Austin Rivers spent about as long at Duke as most of us spend commuting to work, and his stay there had the same purpose: it got him from point A — amateurism — to point B — his professional career.
This is fine.
In fact, and even as a Duke fan, I’m impressed by Austin’s decision to leave school after his freshman year. Rivers is a cagey player, his game a soaking messy ball of crossovers and goofy off-balance threes during which he falls backward like somebody pushed him, and he always gave off a certain animosity for the college game. There are legit knocks on his NBA readiness: he’s still an inconsistent shooter, an undisciplined defender, and physically immature; but he’ll belong there better than he does in college, and particularly at Duke, where he often had to work as the primary ballhandler.
But Rivers will go in the lottery, equipped with quick-twitch handles, NBA-level shooting ability and preternatural control at the hoop. Within the right system, and with a talented point to help spread the offense, Rivers could be a deadly and efficient scorer, and there’s no shortage of teams in need of that. I said a similar thing about Brandon Jennings, and it remains true for Austin — not all basketball players are suited to the 35-second shot clock.
The 2012 Blue Devils also had a nasty point-guard vacuum, with Seth Curry, Quinn Cook, Tyler Thornton, and Rivers all trying and failing to demonstrate the combination of strategic savvy, passing ability, and court vision necessary to run the offense. This aggravated things. Duke’s offense often became a static graph, three or four dots spread along the arc and Mason/Miles Plumlee planted inside. Next step: feed the Plumlee, or iso-attack, or jack up a contested three. Lather, rinse, repeat. Krzyzewski did not seem to know how to make this offense whir, and when the team’s best player went down at the end of the season — yes, Ryan Kelly was Duke’s best player — the whole machine stopped working.
Rivers struggled in this setting: burdened with carrying the scoring load, he often forced shots and made poor decisions; without another explosive outside-inside scoring threat, he drew constant double teams. Yes, the defenders will only get tougher as he enters the NBA. The thing is, Rivers suffered from the suffocation of bodies converging on him, not the skill of individual defender. There wasn’t a guy all year he couldn’t break down to Legos in a one-on-one situation.
Postmortems of the Blue Devils aside, Rivers’ decision also gives the commentariat a chance to debate the morals and advantages of going pro early, a conversation that can usually be relied upon to get old-fashioned types foaming and nasty. We love to pretend that college is a panacea for a lot of things — bad manners, ignorance, naivete, neglect — despite constant evidence to the contrary. Rather than get too political, and as much as I hate to shatter racially suspect and arrogant delusions, I’ll just say: college is not this.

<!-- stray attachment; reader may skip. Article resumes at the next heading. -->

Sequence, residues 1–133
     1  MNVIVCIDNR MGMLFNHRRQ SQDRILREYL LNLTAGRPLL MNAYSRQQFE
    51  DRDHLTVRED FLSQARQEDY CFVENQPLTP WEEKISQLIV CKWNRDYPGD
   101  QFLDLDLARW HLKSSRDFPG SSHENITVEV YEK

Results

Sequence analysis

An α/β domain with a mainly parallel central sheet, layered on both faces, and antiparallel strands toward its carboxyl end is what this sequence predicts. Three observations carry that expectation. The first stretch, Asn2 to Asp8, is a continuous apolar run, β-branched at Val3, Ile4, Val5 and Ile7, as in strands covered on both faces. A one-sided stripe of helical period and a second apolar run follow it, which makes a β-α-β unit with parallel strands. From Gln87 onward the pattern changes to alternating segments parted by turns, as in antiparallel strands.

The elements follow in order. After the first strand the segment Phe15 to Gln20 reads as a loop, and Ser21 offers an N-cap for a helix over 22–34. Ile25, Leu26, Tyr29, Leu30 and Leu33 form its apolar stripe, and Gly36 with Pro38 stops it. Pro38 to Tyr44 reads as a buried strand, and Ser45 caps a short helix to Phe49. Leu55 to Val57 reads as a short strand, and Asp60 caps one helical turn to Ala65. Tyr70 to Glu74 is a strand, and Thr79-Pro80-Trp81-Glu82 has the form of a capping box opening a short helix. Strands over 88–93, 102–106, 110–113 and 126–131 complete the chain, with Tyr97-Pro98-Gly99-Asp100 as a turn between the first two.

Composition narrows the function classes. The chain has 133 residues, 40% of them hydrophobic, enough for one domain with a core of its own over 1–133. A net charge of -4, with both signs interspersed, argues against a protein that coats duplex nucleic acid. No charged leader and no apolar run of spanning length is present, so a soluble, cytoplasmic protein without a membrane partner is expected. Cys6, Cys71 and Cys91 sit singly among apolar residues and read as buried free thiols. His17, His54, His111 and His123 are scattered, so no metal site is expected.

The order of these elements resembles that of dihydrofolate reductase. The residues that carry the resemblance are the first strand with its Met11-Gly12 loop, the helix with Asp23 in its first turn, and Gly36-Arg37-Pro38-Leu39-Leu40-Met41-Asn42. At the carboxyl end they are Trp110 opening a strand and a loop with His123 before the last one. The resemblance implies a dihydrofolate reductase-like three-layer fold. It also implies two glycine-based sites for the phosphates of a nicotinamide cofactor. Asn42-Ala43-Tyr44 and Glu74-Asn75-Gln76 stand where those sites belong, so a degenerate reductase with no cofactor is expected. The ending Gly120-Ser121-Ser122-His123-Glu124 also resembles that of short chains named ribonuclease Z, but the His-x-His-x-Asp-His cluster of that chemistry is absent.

Throughout his college career, Austin Rivers seemed to be a dick, a swaggering and entitled adolescent who couldn’t handle the pressure of playing for one of the most legacied programs in the country. None of this was actually true. His effort sometimes lagged on defense, but he never gave anything short of a complete game on offense. He constantly appeared to be a leader within the team, responding to criticism and taking responsibility when the squad underachieved. As the son of an NBA giant, and as a player at Duke, a (both justifiably and unjustifiably reviled) bastion of blue-bloods, there was no way he’d ever shed that entitled label. And the swagger part: that was awesome. Duke has been so demure in recent years, so polite and underenthusiastic, — think the Wonder-bread blandness of Greg Paulus, or the icy, machine-like competence of Kyle Singler, or the goofily loveable Nolan Smith — that seeing someone play mad was refreshing, to say the least.
Hopefully, Rivers will now be able to doctor that confidence to fit the pros. He needs to knock it down a notch, essentially; unlike in college, where he entered every game thinking he was the best player on the court, he has to become a player comfortable and excited about the possibilities of his own game while being cognizant of the fact that he’ll be a 20-year-old kid playing against another breed of athlete. Brazenness in professional sports walks a fine line, and I’m confident Rivers can walk it, after all his father is the man that brought “ubuntu” to the Celtics.